Water Journal : Water Journal July 2012
refereed paper public health water JULY 2012 81 total of 19 sites on five occasions. This suggested that noteworthy associations between loadings of coprostanol and faecal bacteria may not always occur. The stability of both these parameters in environmental sources may autonomously vary seasonally and by other physical factors affecting their survival and chemical stability. Total sterol content of the water samples based on analysis of eight sterols varied between 370ng/L and 28,000ng/L. The lowest single event for total sterol loading was on the 7 May 2001 water sample collected from Site 3. The highest single event of total sterol loading was on the 19 April 2000 water sample collected from Site 19, whereas the total sterol content at other sites in the rest of the sampling event, as well as the other sampling events, were not as large in number. The levels of coprostanol and 24-ethylcoprostanol seemed to be correlated (r2 = 0.977). The highest single event for coprostanol loading (6864ng/L) was recorded on the 19 April 2000 water sample collected from the Site 2, whereas the coprostanol numbers at other sites in the rest of the sampling event, as well as the other sampling events, were not as large in number. The lowest events for coprostanol loading (less than detection limit) were recorded twice on the 21 March 2000 water samples collected from Site 6 and Site 15, and once on the 28 February 2002 water sample collected from Site 19. Cholesterol levels were generally much higher than combined levels of both coprostanol and 24-ethylcoprostanol. Cholesterol levels did not show close correlation with either coprostanol (r2 = 0.412) or 24-ethylcoprostanol (r2 = 0.443) levels. Cholesterol and 24-ethylcholesterol levels showed good correlation (r2 = 0.876). Combined levels of cholesterol and 24-ethylcholesterol accounted for 79% of total sterol content on average. Identification of faecal pollution sources The average sterol data for these investigations were assessed as per Table 3 criteria (Leeming et al., 1998), as well as using average absolute concentrations of sterols to provide an overall analysis in terms of the percentage of contamination identified as human, herbivore or diffuse (birds etc. or not identifiable). Figure 4 shows graphical presentations for all the sites sampled with a breakdown of average % human, % herbivore and % diffuse sources, ranked in terms of human contribution, in bar chart format. Faecal sterol ratios generally estimated diffuse sources such as birds as the most significant contributing source (ranging from 15% to 100%) of the detected faecal pollution at the majority of these sites (Figure 4). Presence of average herbivore contamination was estimated as minimal for all the sites except for Site 14 (74%) and Site 7 (40%), which were estimated to have significant herbivore contamination. This was considered consistent with land use characteristics of these sites. The contribution from likely human faecal sources was generally estimated as minimal by faecal sterol ratios with the maximum average human contamination at any of these sites being 45% of the total detected faecal pollution. Out of 19 sites, a total of 15 sites was estimated to be impacted by human faecal contamination. Out of these 15 sites, only one site was estimated with > 40%, three sites between 20--40% and 10--20% each and eight sites with < 10% Table 3. Criteria against which samples were identified as having human and/or herbivore faecal contamination. Criteria Group → A B C Criteria to Determine Human Faecal Contamination Ratios → Criteria 1, 2 & 3 all fulfilled Either of 1, 2 or 3 fulfilled If group B criteria not fulfilled, but not all group A criteria fulfilled, then sample is designated intermediate and may require further investigation 1 coprostanol/5α-cholestanol ≥ 0.5 ≤ 0.3 2 epicoprostanol/coprostanol ≤ 0.4 ≥ 0.4 3 coprostanol/cholesterol ≥ 0.1 ≤ 0.05 Criteria to Determine Herbivore Faecal Contamination Ratios → Criteria 4 & 5 both fulfilled Either of 4 or 5 fulfilled If group B criteria not fulfilled, but not all group A criteria fulfilled, then sample is designated intermediate and may require further investigation 4 24-ethylcoprostanol/ 24-ethyl-5α-cholestanol ≥ 0.5 ≤ 0.3 5 24-ethylcoprostanol/ 24-ethylcholesterol ≥ 0.1 ≤ 0.05 A = contaminated sample, B = uncontaminated sample, C = intermediate Source: Leeming et al. (1998) Figure 4. Sources of faecal pollution (% average) as interpreted by faecal sterol ratios at 19 sites during March 2000--February 2002.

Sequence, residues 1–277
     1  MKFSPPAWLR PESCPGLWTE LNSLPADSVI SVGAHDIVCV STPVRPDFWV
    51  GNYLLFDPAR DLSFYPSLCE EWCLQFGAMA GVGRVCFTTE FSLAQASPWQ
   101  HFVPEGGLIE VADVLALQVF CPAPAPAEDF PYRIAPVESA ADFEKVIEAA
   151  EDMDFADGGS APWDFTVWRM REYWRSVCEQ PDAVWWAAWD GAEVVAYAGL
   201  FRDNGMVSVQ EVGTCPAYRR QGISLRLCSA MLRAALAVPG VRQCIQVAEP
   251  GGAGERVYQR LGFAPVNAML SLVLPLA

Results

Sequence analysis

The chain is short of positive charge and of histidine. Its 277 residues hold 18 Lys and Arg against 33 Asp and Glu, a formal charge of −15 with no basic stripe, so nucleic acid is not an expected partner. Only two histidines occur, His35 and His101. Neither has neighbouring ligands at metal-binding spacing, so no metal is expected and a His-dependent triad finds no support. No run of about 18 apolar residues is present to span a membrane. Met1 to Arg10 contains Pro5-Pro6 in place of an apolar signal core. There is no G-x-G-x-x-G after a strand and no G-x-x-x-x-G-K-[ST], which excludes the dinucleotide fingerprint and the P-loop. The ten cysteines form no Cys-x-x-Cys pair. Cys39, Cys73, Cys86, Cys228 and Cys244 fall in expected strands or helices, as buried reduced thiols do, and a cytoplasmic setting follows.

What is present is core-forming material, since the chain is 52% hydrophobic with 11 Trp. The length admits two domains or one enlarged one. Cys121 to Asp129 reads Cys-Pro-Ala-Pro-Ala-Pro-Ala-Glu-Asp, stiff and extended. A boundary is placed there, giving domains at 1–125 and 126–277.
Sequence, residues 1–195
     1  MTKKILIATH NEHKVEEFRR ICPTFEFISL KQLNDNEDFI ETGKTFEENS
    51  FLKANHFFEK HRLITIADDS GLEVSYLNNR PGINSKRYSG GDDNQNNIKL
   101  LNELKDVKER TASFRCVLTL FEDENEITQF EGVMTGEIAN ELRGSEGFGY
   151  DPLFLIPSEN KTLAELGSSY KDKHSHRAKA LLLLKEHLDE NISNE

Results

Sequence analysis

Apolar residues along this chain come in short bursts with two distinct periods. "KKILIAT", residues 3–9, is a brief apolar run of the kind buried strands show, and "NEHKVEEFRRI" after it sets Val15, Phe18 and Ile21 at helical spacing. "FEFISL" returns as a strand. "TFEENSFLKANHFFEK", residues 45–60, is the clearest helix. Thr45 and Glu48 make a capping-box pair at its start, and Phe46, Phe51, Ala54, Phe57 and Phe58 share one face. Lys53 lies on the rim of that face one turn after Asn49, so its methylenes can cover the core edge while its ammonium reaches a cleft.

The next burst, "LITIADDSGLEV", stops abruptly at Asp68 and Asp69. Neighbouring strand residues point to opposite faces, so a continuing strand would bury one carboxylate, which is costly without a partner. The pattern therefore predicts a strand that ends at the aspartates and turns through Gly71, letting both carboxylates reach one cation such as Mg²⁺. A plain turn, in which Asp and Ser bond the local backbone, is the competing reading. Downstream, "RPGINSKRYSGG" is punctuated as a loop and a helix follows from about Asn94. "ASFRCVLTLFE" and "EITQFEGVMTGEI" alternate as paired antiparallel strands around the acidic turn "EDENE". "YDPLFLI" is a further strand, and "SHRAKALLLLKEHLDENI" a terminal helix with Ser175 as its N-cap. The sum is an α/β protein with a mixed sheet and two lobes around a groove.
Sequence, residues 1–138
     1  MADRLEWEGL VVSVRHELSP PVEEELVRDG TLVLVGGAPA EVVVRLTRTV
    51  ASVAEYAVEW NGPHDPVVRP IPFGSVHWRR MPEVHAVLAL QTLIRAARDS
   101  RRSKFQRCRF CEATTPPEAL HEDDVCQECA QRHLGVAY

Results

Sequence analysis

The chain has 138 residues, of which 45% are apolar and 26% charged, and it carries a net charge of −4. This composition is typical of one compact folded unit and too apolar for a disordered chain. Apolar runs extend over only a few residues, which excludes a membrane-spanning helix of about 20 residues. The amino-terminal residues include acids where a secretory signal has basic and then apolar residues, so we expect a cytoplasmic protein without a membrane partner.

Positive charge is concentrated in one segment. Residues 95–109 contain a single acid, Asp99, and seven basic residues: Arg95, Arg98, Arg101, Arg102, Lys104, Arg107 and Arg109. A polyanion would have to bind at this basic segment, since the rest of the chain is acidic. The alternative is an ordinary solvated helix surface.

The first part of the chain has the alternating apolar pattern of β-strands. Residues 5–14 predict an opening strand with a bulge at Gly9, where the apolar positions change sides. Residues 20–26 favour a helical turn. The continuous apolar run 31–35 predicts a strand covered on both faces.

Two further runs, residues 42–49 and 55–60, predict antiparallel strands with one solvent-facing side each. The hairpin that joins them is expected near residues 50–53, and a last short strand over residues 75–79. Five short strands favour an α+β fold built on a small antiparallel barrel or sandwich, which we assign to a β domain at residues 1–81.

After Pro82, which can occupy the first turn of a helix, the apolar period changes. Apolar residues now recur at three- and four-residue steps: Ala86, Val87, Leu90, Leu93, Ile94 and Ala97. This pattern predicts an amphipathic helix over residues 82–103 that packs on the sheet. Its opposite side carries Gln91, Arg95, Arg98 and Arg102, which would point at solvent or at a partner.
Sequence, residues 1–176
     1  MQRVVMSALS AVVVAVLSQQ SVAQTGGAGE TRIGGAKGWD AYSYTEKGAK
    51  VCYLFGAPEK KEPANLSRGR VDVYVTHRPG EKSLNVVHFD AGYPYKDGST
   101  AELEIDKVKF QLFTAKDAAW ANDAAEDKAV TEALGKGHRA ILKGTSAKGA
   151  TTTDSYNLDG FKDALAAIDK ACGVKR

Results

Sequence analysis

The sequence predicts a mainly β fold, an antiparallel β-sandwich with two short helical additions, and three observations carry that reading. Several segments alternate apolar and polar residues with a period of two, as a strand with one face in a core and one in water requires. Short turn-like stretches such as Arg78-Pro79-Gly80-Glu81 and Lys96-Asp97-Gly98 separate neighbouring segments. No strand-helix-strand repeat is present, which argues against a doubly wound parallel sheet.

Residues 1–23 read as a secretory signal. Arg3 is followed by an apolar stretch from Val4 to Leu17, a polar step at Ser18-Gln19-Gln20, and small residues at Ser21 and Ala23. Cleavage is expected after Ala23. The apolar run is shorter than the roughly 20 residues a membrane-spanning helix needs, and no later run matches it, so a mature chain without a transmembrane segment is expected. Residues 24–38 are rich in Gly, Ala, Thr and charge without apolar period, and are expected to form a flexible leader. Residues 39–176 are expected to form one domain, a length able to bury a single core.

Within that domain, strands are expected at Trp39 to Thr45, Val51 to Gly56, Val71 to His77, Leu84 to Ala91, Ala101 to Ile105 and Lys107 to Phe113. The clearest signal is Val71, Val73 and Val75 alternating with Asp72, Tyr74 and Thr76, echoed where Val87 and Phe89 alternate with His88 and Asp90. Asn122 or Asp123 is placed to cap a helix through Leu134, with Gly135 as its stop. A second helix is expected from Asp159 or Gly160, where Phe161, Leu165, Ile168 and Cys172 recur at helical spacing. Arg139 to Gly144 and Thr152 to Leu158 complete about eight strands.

Water Journal August 2012
Water Journal May 2012